There are a slew of studies that have showcased a connection between aggression in adolescents and playing violent video games (most studies have shown it to be short-term aggression, and no causalities in terms of causing real world violence). However, what about a link between playing video games and depression? While the consensus seems to be that playing video games can make depression worse, the true answer isn’t so easy.
A study performed by Susan Tortorello et. al explored this possibility and found that adolescents playing violent video games for 2+ hours a day seemed to exacerbate depressive symptoms like lacking interest in pleasure activities, feeling low energy and self worth, and increasing suicidal ideations. Test subjects were evaluated with the Major Depressive Disorder Scale of the DISC Predictive Scales (for more information on what the test evaluates, click here). The subjects studied were compared to adolescents playing non-violent video games for less than two hours a day. Another study explored whether excessive gaming is caused by psychological health disorders or simply correlated. Further studies need to be done to find an answer.
While these two studies show positive relations to video games and poor mental health, they do not make conclusions on the topic, and more data needs to be collected in order to strengthen this position, and develop tried and true action strategies that will help those in need.
Ask anyone who plays video games as to why they play, and the general answer could range from “it’s fun” to “it makes me feel better” or “it helps me relieve stress and anxiety.” Engaging in any social and fun activity is well known to decrease anxiety and depressive symptoms, and serve to shut out negative emotions for a time. However, as we all should know, these activities don’t serve as a cure for depression, only as a way to suppress it temporarily.
Increasing our time with these activities can lead us down a bad path. Dr. Alok Konojia, a well known psychologist that studies video games’ affect on the human mind, terms this feeling alexithymia, which is a Greek term that is loosely defined as “no words for emotion.” The more we tend to play video games as a coping mechanism and as a way to suppress negative emotions, the more likely we aren’t able to process emotion and understand our own internal psychological state.
The World Health Organization already determined video game addiction as a medical disorder, and we know why. Playing and succeeding in video games can result in increasing dopamine release in our brains, which is a neurotransmitter responsible for arousal and feelings of elation and happiness. This quest for dopamine release can become addicting (like gambling and smoking for instance), especially to depressed individuals having trouble seeking pleasure in day to day activities, work, social life, and other avenues. If you’re already experiencing depressive and anxious feelings and emotions, getting caught in this trap can be dangerous to your psychological health. This cycle is hard to break once in too deep.
Playing video games while depressed can be more hurtful than helpful. While the benefits of playing video games recreationally are numerous (like joining social communities, developing problem solving and focus skills, etc.), there are also detriments. This could lead to lack of self-care, shutting yourself out from social environments, failing in your academics, or professional career, and worsening your personal relationships with others.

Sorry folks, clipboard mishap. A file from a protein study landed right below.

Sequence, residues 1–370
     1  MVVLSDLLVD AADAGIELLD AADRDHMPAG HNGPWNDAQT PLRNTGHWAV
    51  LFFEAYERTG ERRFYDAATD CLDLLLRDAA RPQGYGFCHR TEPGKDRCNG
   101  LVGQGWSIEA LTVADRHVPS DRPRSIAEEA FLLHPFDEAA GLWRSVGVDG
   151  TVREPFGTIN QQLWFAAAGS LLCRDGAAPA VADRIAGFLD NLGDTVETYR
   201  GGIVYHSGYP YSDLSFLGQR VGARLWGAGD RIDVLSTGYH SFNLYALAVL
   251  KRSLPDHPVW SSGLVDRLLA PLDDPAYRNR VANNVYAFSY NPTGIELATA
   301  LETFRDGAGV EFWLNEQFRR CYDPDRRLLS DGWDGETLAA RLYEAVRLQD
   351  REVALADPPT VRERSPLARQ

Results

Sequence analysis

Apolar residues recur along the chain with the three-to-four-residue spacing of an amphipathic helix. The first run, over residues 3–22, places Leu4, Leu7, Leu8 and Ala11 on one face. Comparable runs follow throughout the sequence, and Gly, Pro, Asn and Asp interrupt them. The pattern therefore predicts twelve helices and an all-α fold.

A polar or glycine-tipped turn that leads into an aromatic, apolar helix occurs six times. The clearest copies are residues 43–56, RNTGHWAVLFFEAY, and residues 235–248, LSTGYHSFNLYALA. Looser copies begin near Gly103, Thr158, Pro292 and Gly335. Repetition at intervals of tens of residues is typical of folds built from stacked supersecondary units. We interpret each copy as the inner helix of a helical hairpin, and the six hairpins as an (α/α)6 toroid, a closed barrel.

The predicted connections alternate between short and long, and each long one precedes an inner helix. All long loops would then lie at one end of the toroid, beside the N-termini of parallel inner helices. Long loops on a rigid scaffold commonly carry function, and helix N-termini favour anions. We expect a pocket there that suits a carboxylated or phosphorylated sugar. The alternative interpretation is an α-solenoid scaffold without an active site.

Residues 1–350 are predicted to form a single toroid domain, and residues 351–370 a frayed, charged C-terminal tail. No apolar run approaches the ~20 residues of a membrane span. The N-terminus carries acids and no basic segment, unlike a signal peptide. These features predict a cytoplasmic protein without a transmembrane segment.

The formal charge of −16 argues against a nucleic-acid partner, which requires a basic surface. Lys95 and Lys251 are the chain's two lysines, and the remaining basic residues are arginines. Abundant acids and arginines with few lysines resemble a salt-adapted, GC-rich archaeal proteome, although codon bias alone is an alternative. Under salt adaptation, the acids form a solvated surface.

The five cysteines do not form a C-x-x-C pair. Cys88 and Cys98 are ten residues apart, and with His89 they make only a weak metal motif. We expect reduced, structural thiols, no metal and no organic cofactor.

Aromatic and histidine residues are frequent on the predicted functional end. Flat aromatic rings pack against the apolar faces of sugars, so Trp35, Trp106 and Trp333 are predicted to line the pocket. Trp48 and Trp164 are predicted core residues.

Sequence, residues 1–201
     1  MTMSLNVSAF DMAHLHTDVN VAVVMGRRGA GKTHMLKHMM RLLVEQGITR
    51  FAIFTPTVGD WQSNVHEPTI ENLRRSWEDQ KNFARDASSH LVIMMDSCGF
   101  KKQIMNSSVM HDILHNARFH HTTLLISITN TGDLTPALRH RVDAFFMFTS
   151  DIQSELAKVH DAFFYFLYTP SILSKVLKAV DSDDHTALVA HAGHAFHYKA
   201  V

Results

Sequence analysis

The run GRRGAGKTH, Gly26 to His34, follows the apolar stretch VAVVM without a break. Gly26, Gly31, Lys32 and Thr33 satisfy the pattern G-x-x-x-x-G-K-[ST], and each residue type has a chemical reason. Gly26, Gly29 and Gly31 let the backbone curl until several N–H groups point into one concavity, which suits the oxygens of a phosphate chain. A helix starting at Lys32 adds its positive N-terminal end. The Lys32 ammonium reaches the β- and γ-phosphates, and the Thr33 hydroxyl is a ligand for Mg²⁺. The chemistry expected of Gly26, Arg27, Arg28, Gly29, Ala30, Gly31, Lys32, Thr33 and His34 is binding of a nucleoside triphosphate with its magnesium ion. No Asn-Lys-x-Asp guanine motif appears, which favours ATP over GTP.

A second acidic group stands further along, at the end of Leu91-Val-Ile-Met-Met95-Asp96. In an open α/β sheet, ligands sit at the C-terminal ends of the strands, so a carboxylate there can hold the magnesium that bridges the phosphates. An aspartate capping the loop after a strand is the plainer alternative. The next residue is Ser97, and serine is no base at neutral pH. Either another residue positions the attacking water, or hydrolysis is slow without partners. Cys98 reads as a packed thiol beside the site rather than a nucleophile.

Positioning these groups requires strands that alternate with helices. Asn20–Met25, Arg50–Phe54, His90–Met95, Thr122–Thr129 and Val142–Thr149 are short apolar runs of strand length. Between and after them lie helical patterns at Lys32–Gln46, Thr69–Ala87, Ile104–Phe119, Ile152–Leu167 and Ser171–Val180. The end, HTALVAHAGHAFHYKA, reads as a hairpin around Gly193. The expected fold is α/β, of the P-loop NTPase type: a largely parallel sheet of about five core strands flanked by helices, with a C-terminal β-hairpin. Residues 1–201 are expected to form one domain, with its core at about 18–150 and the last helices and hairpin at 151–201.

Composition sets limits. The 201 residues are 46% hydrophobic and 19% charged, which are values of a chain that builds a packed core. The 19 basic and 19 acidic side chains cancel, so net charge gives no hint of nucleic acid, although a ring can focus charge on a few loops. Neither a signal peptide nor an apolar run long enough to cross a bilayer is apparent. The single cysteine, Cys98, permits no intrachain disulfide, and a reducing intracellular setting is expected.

It’s not all bad, however! The good news is that when balanced properly, playing video games can be our way out of depression. One study found a link between playing action-oriented video games and reverse cognitive deficits often times found in depressed individuals. Even the U.S. Department of Veterans Affairs recently found that playing video games helped those with PTSD and substance abuse problems. Coupling video games with therapy and other mental health treatments can benefit us greatly. While we can suffer with depressive symptoms like lacking joy in day-to-day activities, video games can help give us a sense of purpose and goal-oriented mindsets.
Balancing violent video games versus non-violent video games can help ease our mental state as well, as aggressiveness in game play has been shown to increase our anxieties and negative emotions. Sitting down to play a non-violent video game like a “walking simulator,” simulation games like The Sims, Tycoon-style games, and more can help quiet our active minds and help us process through the negative emotions that can plague us. Even if those are not your types of games, playing an action-oriented game and being in touch with your emotional states while they happen can help our psychological health in many ways.
What are some ways that you use video games to help you cope and relieve depression, or do you feel it hurts you more than it helps? Let’s discuss it in the comments, or head on over to our Discord using the link here, or the QR code at the bottom of the page. We should all be here to help each other.
You do not need to suffer alone. If you find yourself using video games as a sole coping mechanism for depression, we encourage you to seek the help of a therapist. Psychology Today is a great resource to find a therapist in your area that can help you. If you are feeling thoughts of suicidal ideations, call the National Suicide Hotline at 800-273-8255.